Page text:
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Stage : Moderate Dementia Moderately Severe Decline

The fifth stage of Alzheimer’s disease is known as moderate dementia. Clinical evaluation and interviews in these cases are able to root out memory and cognitive deficits. Those in this stage of Alzheimer’s disease may have:3

  • Trouble remembering important aspects of their life, such as their address, the names of close friends or family members, or the name of their hometown and schools
  • Difficulty identifying the current date, day of the week, or season
  • The inability to count down from 20 by twos or fours
  • Difficulty getting dressed by themselves

Some people in this stage may retain long-term memories of major life events or the names of their spouse and children. Motor tasks such as using the restroom or eating independently may also come with ease.

Bridging Racial And Ethnic Barriers In Alzheimer’s And Dementia Care: A Path Forward

Alzheimers Association releases 2016 Alzheimers Disease Facts and ...

Findings from the Alzheimer’s Association surveys indicate that despite ongoing efforts to address health and health care disparities in Alzheimer’s and dementia care, there is still much work to do.

Current efforts to reduce health disparities, address social determinants of health, build diversity in the health care profession, and train health care providers to meet the needs of a growing population of older adults from different racial and ethnic groups must be accelerated. Amid broader calls for social justice, greater strides must be made to eliminate discrimination and other forms of bias to ensure all Americans have access to high quality dementia care and support services, as well as opportunities to participate in and benefit from Alzheimer’s research.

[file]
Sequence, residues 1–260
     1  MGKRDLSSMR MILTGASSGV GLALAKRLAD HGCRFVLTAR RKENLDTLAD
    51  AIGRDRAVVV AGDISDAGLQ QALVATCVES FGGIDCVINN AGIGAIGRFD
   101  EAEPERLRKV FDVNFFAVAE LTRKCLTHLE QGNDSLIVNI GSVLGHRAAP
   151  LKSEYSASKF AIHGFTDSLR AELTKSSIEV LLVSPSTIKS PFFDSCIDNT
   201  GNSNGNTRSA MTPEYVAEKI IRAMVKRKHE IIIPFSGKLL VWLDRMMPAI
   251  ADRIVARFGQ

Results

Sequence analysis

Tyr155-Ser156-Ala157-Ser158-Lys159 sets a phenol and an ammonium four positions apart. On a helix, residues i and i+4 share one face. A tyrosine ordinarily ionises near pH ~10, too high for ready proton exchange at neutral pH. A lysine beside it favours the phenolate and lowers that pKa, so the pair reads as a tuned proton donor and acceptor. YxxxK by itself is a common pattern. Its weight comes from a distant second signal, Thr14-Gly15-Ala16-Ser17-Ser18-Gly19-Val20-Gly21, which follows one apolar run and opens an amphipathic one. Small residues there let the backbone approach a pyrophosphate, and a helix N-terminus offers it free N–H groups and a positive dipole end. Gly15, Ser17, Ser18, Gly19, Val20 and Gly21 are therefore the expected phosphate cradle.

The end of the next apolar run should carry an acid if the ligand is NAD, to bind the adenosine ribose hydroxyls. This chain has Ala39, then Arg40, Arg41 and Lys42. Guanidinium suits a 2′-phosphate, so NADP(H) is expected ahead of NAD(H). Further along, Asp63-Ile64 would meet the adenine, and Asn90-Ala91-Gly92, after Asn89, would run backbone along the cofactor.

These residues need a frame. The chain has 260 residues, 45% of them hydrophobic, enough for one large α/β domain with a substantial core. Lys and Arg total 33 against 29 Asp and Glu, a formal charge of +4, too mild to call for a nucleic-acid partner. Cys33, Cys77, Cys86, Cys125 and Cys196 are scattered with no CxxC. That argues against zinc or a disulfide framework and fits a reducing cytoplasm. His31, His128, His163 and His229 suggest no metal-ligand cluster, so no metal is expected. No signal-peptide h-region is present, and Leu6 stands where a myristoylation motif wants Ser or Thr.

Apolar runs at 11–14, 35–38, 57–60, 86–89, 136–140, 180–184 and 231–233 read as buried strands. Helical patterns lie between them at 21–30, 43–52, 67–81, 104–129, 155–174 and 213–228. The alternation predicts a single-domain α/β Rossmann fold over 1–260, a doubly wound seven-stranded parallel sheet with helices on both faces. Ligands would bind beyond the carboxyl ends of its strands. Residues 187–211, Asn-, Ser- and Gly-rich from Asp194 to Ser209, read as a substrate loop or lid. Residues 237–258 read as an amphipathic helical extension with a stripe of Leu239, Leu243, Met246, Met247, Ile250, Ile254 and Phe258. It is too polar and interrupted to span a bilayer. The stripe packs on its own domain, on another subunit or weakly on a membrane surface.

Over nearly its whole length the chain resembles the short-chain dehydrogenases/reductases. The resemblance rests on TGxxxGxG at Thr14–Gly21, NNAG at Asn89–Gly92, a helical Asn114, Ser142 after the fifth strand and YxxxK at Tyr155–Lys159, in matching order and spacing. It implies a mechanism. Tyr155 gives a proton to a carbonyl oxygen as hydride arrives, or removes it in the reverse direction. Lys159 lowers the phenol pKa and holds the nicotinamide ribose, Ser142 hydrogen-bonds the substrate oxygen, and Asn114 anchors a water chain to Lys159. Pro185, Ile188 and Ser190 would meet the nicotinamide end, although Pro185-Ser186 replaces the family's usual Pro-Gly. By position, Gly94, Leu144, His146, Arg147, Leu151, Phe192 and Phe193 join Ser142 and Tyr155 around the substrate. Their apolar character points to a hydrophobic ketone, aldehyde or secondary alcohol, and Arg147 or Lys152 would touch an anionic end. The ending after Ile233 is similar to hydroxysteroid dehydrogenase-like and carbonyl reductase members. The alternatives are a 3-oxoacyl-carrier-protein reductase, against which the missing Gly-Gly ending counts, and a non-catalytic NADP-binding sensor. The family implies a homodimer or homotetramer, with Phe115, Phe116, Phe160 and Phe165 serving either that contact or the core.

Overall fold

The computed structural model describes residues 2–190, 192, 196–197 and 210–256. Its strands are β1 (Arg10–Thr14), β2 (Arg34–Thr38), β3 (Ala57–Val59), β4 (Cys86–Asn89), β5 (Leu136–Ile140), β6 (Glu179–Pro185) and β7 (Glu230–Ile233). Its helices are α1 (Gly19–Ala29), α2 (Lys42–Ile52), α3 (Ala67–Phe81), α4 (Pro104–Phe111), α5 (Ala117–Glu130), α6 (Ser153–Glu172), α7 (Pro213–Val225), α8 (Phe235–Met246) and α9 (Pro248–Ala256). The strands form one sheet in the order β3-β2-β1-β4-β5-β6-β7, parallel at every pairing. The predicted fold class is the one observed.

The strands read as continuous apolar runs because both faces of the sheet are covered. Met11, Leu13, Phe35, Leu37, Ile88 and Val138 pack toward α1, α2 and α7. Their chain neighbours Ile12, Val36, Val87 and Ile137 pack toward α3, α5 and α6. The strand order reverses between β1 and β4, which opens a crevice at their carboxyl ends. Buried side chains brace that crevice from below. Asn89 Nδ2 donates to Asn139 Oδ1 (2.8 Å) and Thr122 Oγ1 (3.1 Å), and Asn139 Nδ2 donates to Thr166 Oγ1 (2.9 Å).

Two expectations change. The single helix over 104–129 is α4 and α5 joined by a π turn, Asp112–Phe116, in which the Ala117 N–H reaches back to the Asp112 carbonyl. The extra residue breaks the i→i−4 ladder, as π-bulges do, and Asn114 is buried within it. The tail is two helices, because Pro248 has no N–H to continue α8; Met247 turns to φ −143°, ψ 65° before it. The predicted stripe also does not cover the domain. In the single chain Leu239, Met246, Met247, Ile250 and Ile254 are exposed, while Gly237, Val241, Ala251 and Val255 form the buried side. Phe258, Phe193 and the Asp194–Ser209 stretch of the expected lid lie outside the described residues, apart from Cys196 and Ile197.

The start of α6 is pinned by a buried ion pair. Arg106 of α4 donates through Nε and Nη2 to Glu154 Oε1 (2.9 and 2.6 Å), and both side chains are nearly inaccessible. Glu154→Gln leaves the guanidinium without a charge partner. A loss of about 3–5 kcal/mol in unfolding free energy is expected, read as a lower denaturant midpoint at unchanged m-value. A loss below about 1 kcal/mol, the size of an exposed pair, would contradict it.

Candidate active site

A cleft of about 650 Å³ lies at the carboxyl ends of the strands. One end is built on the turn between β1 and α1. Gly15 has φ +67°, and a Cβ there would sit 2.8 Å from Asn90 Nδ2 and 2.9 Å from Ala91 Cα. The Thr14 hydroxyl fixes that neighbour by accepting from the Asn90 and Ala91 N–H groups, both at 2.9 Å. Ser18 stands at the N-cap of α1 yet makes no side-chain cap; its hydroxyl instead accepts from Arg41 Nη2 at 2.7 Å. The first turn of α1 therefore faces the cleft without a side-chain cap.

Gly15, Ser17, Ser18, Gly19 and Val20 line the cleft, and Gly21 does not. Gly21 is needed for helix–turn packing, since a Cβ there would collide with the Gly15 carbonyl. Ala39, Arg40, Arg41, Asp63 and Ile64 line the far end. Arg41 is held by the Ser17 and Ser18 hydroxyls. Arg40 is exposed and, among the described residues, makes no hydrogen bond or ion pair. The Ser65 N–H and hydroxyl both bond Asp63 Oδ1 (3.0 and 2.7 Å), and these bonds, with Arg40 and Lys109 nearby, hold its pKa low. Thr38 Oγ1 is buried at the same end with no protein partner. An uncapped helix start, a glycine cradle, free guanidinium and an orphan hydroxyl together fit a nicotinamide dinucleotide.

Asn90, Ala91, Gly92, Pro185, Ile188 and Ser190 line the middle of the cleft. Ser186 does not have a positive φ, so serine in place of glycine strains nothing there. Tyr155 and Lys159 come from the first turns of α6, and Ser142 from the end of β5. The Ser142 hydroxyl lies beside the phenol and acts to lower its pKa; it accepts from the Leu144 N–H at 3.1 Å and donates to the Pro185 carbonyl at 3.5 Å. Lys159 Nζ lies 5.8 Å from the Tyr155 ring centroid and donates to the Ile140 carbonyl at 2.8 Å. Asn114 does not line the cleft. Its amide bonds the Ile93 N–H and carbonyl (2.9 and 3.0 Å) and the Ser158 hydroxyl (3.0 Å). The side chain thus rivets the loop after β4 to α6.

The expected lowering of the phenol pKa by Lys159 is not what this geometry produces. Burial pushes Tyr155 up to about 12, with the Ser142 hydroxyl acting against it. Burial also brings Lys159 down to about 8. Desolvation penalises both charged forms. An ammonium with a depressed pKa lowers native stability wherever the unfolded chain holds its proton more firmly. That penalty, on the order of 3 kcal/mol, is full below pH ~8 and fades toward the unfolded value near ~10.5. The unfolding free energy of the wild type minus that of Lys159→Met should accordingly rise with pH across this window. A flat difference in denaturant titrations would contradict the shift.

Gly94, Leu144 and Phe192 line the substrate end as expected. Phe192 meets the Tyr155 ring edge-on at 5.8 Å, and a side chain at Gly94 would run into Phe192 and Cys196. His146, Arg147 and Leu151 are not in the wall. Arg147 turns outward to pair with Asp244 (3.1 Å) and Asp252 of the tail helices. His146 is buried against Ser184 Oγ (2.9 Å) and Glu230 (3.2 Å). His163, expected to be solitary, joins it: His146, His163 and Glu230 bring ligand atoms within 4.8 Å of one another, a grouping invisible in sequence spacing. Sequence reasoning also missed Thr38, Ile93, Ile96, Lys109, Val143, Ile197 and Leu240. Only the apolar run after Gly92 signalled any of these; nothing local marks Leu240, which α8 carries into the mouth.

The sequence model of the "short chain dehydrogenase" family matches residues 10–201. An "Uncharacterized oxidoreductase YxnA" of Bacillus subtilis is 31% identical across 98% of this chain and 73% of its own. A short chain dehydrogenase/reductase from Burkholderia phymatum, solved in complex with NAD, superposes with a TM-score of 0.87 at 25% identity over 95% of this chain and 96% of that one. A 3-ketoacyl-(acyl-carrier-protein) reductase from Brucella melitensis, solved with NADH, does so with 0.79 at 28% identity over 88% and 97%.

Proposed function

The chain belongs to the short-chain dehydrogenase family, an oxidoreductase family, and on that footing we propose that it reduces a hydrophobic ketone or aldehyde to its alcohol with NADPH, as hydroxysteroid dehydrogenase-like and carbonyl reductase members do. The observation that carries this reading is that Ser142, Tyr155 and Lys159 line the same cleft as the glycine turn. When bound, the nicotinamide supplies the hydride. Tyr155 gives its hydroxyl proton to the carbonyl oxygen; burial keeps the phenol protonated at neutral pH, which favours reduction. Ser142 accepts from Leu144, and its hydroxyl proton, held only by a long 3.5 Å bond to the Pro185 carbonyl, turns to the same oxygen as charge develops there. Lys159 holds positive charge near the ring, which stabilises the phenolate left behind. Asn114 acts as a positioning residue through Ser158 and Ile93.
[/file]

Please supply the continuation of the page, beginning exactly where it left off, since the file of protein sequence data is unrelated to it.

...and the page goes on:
• Preparing the workforce to care for a racially and ethnically diverse population of older adults.
  • Increasing diversity in dementia care.
  • Engaging, recruiting and retaining diverse populations in Alzheimer’s research and clinical trials.

7.5.1 Preparing the workforce to care for a racially and ethnically diverse population of older adults

Current and future health care providers need to be prepared to screen, diagnose and treat Alzheimer’s and dementia in this expanding racially and ethnically diverse population of older adults so that disparities are not perpetuated.

Cultural competence

Implicit bias

7.5.2 Increasing diversity in dementia care

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About 5%6% Of Alzheimers Patients Get It Before 65 As Per Alzheimers Stats

Its called young-onset Alzheimers, and its an uncommon form of dementia. According to Alzheimers disease statistics, of 6 million Americans with Alzheimers, approximately 300,000360,000 have the young-onset form. In addition, these people develop symptoms of the disease between the ages of 30 and 60.

Alzheimers Is The Most

  • Retirees are more fearful of Alzheimers than infectious diseases such as COVID-19, as well as cancer, strokes or heart attacks.
  • Findings showed one-in-three of retirees listed Alzheimers as the chronic disease they feared most, 11 points higher than cancer and 13 points more than contagious diseases such as COVID-19.